Sri Lanka extends emergency in surprise move

Sri Lankan soldiers secure an area near St. Anthony's Shrine after a car explosion in Colombo on April 22, 2019, a day after the series of bomb blasts targeting churches and luxury hotels in Sri Lanka. - The death toll from bomb blasts that ripped through churches and luxury hotels in Sri Lanka rose dramatically April 22 to 290 -- including dozens of foreigners -- as police announced new arrests over the country's worst attacks for more than a decade. (Photo by Jewel SAMAD / AFP)

COLOMBO: A state of emergency was extended by Sri Lanka’s President Saturday, going back on pledges to relax the tough laws introduced after the Easter Sunday attacks that killed 258 people.
Maithripala Sirisena said in a decree he believed there was a “public emergency” in the country, and was invoking provisions of the public security act extending the state of emergency.
The tough laws, granting sweeping powers to police and security forces to arrest and detain suspects, were due to expire on Saturday.
Just over 100 people, including 10 women, are in custody in connection with April’s Easter Sunday suicide attacks against three churches and three luxury hotels in Colombo.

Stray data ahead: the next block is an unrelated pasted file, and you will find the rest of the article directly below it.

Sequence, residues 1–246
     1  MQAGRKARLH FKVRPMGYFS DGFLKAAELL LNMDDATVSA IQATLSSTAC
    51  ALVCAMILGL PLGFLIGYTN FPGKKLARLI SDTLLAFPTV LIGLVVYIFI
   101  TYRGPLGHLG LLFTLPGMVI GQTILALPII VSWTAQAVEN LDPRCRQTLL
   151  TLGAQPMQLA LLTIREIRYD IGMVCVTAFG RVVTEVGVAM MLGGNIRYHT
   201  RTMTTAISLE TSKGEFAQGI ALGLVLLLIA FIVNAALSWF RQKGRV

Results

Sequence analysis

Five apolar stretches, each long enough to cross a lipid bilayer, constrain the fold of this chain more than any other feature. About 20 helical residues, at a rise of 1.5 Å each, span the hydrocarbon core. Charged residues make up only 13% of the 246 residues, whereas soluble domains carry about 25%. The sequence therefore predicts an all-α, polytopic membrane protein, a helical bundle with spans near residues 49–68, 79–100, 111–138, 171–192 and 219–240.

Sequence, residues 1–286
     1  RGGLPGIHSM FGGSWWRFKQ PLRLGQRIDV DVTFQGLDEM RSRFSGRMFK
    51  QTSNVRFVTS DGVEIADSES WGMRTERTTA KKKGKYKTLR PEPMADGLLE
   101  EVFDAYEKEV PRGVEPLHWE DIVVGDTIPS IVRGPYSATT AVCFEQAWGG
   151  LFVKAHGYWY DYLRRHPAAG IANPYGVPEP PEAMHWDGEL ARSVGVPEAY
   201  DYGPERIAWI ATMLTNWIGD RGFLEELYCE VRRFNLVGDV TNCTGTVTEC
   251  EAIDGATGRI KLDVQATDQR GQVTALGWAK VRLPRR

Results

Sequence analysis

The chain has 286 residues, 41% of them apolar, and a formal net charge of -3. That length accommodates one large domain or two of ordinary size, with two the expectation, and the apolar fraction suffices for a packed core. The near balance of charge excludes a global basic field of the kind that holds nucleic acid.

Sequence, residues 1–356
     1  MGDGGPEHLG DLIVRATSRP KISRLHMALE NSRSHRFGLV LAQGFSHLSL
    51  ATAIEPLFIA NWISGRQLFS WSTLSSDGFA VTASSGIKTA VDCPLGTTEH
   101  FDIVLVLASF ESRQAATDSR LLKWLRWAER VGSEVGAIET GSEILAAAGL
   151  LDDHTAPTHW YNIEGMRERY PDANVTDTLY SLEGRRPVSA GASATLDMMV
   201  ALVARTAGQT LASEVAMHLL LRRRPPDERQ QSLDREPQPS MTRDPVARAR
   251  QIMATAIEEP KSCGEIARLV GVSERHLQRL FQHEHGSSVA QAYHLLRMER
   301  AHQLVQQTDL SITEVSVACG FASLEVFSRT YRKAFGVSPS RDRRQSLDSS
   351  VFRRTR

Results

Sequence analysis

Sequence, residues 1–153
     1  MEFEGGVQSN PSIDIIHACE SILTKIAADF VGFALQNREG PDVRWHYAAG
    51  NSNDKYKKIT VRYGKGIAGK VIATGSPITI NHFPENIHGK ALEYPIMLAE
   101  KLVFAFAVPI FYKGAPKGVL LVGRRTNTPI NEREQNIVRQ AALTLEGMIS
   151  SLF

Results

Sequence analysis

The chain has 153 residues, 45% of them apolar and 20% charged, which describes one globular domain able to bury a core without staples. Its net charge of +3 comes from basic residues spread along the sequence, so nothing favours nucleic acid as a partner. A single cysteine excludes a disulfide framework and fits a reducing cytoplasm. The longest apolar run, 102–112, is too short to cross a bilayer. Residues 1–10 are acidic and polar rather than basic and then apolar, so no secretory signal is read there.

In late May, Sirisena told diplomats — from Australia, Canada, Japan, the US and European states — the security situation was “99 percent back to normal” and he would allow the emergency laws to lapse by June 22.
He assured diplomats security forces had either detained or killed all those directly involved in the attacks, blamed on a local jihadi group and claimed by the Daesh group.
The continuation of the emergency came as police announced criminal investigations against several top officers, including the Inspector-General, for negligence and lapses ahead of the bombings.
Sirisena himself has been criticized for failing to act on precise Indian intelligence that jihadists were about to hit Christian churches and other targets in Sri Lanka.
A parliamentary public inquiry has been told Sirisena — who is also the minister of defense and law and order — failed to follow proper national security protocols.
The mainly Buddhist nation of 21 million people was about to mark a decade since ending a 37-year-long Tamil separatist war when the Islamic extremists struck.–DT

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